CHICAGO -- Brandon Guyer led the Majors in hit-by-pitches a year ago. It's not something the Indians outfielder likes to call a skill, but his knack for picking up bruises helped the Indians to a 5-4 victory over the White Sox on Saturday night, extending Cleveland's winning streak to nine
CHICAGO -- Brandon Guyer led the Majors in hit-by-pitches a year ago. It's not something the Indians outfielder likes to call a skill, but his knack for picking up bruises helped the Indians to a 5-4 victory over the White Sox on Saturday night, extending Cleveland's winning streak to nine games. With the Royals' loss, the Indians now have a three-game lead in the American League Central.
"The goal going up to the plate is to get a run," Guyer said. "That's not how I want to do it, but at the end of the day, it helped our team win a game. I'll take it."
With two outs and the bases loaded in the ninth inning, Guyer came off the bench as a pinch-hitter to face White Sox righty Gregory Infante. After hitting Yan Gomes with a pitch, Infante did the same to Guyer, who was hit an MLB-leading 31 times last season. Guyer took a pitch off the left forearm, took his base, and then closer Cody Allen made the one-run lead hold up by picking up the save for the Indians.
"The poor guy," Indians relief ace Andrew Miller said with a laugh, referring to Guyer. "I think everybody celebrating in the dugout was just kind of like salt in the wound. Just to find a way to win, it doesn't really matter. ... It seems like he's OK, so I think we'll be fine. Fortunately, if anybody's used to it, it's got to be him."
"That's not the way you want to write it up, but that's what ended up happening," White Sox manager Rick Renteria said. "We fell behind early, but we ended up scrapping."
Indians ace Corey Kluber struck out 12 and issued only one walk, but the White Sox tagged him for four runs on nine hits. That marked the most runs Kluber has allowed since May 2 -- an outing that preceded a month-long stay on the disabled list. Melky Cabrera led the charge with four hits off Kluber, but the biggest blow was a three-run homer by Jose Abreu in the third.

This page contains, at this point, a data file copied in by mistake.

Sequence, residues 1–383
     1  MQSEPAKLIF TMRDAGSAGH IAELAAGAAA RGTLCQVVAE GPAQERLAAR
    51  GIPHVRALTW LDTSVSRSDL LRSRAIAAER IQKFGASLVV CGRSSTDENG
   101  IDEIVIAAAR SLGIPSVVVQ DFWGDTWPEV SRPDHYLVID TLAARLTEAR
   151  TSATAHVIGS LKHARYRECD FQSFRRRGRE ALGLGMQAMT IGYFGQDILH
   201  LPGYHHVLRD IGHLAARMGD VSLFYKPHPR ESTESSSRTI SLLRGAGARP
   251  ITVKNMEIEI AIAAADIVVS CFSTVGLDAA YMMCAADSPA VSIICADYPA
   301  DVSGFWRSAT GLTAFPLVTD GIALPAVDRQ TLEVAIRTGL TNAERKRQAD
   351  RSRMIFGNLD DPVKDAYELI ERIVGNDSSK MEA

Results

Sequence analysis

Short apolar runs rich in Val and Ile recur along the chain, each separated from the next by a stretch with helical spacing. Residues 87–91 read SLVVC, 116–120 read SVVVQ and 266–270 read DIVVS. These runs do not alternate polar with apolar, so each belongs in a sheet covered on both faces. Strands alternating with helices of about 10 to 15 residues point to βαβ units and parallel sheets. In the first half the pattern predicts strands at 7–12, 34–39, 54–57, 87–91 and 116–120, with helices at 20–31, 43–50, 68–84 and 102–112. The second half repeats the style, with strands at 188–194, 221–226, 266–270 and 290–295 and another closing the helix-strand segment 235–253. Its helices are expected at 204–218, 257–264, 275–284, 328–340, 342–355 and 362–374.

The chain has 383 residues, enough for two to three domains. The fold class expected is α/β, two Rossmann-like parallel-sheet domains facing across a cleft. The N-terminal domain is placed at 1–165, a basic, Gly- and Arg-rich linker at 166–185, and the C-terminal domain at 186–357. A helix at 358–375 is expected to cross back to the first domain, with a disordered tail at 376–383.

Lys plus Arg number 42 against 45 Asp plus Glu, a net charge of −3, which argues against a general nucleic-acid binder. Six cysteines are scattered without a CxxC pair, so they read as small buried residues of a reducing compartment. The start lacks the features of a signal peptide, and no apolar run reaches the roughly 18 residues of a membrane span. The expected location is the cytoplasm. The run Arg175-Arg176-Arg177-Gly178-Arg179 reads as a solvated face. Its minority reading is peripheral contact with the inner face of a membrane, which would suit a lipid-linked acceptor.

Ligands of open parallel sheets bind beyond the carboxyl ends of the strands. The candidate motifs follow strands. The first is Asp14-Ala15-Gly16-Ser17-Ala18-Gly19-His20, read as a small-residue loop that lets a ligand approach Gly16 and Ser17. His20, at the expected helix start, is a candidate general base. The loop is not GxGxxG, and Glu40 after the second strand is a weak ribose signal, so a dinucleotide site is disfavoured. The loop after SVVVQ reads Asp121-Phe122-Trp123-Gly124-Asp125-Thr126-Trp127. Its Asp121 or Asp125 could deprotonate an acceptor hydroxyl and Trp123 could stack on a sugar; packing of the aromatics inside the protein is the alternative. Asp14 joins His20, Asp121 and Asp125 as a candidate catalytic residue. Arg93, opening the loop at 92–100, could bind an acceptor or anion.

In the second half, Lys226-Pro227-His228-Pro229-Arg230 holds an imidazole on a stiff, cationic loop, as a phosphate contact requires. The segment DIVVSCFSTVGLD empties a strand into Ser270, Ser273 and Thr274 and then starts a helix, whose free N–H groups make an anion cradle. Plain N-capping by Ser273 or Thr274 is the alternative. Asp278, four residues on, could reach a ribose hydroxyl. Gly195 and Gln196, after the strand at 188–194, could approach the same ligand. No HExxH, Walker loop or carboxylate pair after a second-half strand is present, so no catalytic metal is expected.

"Abreu ambushed a first-pitch fastball," Kluber said. "I think he knows that guys have been trying to get him out in, and he jumped on one early."
Kluber was taken out of the mix for the win in the sixth inning, when Tim Anderson flared a pitch down the right-field line for an RBI double that put the game in a 4-4 deadlock. The fly ball had only a 22-percent hit probability, according to Statcast™, but dropped to the grass just by the glove of right fielder Austin Jackson.
Following Kluber's 6 1/3 innings, relief ace Miller gave the Tribe 1 2/3 frames to give Cleveland's offense a chance to mount a rally.
White Sox starter Miguel Gonzalez picked up a no-decision after being charged with four runs on six hits in six innings. The right-hander ended with four strikeouts and three walks, allowing all four runs in his first three frames. Edwin Encarnacion and Jackson each delivered an RBI hit off Gonzalez.
"After that fourth inning, I started feeling a little better, doing a bit more split-finger fastballs," Gonzalez said. "I was able to calm down and make a better adjustment right there."
MOMENTS THAT MATTERED
Miller time: Miller took over for Kluber in the seventh, inheriting a one-out jam with runners on the corners. The left-hander then hit Yoan Moncada with a pitch to load the bases for Matt Davidson. Miller's second pitch to Davidson struck the batter in the back leg, but it was deemed a strike on a check-swing attempt. Renteria argued the call with home-plate umpire Jim Reynolds, but to no avail. Miller then struck out Davidson and pinch-hitter Kevan Smith to strand three runners.